Source-Specific Multicast for IP
RFC 4607

Note: This ballot was opened for revision 07 and is now closed.

(Harald Alvestrand) Discuss

Discuss (2004-10-13 for -)
I believe the lack of clarity Spencer noted about ASM/SSM deserves to be addressed. Either it should be known to work or it should be known to not work.

Spencer said:

4.1, top of page 7 - This section makes me think ASM listeners won't
  be able to listen to SSM traffic, but the document doesn't
  explicitly say so, one way or the other. It's a little less vague on
  SSM listeners and ASM traffic, but could be clearer here, too.

His other comments are worth thinking about, but I don't think they should be blocking.
Comment (2004-10-13 for -)
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Reviewed by Spencer Dawkins, Gen-ART

His review:

This document is on the right track, but is still a couple of stops
from the end of the line :-)

Introduction - The first four paragraphs aren't appropriate for an
Introduction - they are fine, but they should be in a following
section, by themselves. The fifth paragraph begins a high-level
description and justification of SSM - THAT'S what an Introduction
should look like.

4.1, top of page 7 - This section makes me think ASM listeners won't
  be able to listen to SSM traffic, but the document doesn't
  explicitly say so, one way or the other. It's a little less vague on
  SSM listeners and ASM traffic, but could be clearer here, too.

4.3 - No justification of the MUST NOT for In general, the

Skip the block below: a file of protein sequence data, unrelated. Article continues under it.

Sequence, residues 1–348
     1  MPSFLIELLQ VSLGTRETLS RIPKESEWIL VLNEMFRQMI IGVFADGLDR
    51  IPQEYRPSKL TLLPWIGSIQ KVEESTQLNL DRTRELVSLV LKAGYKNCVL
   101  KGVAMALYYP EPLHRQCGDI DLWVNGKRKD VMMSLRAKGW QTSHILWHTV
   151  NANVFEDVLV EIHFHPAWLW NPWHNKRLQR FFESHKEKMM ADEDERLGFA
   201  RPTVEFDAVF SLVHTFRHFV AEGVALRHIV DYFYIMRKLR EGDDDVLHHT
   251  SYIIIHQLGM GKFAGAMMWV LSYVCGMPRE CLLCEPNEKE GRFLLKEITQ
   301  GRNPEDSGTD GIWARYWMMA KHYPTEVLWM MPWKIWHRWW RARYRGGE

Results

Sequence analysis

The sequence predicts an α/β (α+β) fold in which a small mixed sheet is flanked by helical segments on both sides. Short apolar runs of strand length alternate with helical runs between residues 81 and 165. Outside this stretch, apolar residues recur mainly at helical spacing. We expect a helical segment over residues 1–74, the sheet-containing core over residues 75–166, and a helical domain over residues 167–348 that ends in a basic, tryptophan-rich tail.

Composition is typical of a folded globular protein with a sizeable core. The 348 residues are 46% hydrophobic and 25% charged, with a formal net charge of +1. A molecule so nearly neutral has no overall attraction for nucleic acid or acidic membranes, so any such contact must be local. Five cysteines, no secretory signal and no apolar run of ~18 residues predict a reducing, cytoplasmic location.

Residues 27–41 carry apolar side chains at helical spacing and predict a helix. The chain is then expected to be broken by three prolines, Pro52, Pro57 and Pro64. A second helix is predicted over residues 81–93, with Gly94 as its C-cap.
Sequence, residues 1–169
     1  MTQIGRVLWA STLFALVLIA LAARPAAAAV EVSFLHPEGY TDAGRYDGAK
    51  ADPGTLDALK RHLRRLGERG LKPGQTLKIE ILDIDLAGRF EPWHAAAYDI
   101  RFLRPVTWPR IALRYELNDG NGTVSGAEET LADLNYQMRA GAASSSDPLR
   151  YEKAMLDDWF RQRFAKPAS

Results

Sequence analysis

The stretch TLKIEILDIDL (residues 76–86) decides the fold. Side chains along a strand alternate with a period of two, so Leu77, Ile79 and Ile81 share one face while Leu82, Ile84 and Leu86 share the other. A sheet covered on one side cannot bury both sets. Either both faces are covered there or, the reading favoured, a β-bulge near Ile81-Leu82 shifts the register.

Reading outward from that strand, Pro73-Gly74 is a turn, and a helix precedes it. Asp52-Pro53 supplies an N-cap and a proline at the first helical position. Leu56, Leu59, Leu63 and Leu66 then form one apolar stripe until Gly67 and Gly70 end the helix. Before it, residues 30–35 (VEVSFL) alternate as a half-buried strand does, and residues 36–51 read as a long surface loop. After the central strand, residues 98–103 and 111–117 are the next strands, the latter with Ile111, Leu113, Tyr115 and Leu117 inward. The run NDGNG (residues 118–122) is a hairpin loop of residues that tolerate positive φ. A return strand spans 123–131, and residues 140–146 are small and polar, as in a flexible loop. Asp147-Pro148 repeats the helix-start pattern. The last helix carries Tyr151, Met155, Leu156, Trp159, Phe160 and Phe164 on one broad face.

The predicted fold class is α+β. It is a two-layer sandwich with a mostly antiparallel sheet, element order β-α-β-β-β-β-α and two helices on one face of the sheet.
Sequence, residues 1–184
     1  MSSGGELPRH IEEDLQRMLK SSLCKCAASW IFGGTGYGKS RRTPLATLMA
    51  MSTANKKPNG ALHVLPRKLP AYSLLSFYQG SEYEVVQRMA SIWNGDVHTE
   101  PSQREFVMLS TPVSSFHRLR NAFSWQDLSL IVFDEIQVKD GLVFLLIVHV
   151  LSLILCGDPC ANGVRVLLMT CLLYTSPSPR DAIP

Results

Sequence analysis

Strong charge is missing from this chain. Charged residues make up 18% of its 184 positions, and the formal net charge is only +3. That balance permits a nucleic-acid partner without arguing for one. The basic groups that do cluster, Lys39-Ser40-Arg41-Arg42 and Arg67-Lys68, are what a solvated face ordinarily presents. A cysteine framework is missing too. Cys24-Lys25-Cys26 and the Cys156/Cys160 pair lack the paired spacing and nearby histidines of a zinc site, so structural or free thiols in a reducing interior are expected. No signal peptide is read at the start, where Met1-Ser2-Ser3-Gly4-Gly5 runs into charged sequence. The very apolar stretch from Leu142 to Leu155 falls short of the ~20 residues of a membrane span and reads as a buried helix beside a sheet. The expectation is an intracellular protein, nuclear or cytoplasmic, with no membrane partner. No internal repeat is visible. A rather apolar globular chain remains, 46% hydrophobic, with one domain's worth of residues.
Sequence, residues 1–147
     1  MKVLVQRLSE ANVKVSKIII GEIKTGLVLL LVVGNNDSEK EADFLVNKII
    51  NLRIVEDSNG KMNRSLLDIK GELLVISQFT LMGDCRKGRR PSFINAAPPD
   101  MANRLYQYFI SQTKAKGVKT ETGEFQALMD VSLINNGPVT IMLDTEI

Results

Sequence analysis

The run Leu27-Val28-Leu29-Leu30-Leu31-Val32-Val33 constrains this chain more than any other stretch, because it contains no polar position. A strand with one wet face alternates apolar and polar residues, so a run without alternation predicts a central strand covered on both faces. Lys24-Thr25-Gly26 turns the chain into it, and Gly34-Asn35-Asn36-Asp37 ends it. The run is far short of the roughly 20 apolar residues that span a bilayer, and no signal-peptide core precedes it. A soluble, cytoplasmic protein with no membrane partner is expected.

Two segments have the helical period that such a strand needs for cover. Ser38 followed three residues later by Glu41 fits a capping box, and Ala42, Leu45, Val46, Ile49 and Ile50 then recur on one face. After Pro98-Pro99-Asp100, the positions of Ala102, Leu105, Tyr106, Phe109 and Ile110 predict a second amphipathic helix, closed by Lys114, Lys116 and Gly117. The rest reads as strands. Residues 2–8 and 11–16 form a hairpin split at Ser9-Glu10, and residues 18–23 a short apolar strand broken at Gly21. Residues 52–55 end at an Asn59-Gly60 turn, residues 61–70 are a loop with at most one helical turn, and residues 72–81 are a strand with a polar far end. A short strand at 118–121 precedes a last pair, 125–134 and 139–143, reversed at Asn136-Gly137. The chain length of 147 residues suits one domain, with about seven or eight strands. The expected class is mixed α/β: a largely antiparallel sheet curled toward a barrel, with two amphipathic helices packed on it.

justifications in this section are weak, missing, or separated
      from specific requirements. I'm sure the authors understand all
      this stuff; the goal is that people who DIDN'T write the
      document will know how to extend it in the future.

7.1 - points out that SSM can break in the presence of SPI collisions
      by two senders, but doesn't say whether either senders or
      receivers can detect this condition automatically - they promise
      a solution, but don't describe the ability of participants to
      identify the problem in the meanwhile.

7.1 and 7.3 call out AH - my impression is that the use of AH in
    standards-track protocols is almost non-existent, and Steve
    Bellovin keeps telling me that there's no reason for AH. Probably
    good if these sections aren't too dependent on AH.

7.2 Not sure where "A router MAY have a configuration option to allow
    source routing" came from - I think this is actually an
    unintentional use of capitals; surely router requirements for
    source routing support aren't being specified in the security
    considerations section of SSM :-)

8 is called "Transition Considerations". What's the vision here -
coexistence or transition from ASM to SSM? Is it the same vision in
IPv4 and IPv6?

(Bill Fenner) (was Discuss, Yes) Yes

(Allison Mankin) Yes

Comment (2004-10-14 for -)
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Some other groups (RMT is one) have been eagerly awaiting this.  It's clear and well-written.
I hope that the IESG discussion will resolve with clarity.  If it would be helpful to have some RMT 
developers who depend on this technology, and intend to use it security features, participate
in any discussions, let me know.

(Alex Zinin) Yes

(Steven Bellovin) (was Discuss) No Objection

(Brian Carpenter) (was Discuss) No Objection

(Margaret Cullen) (was Discuss, No Objection) No Objection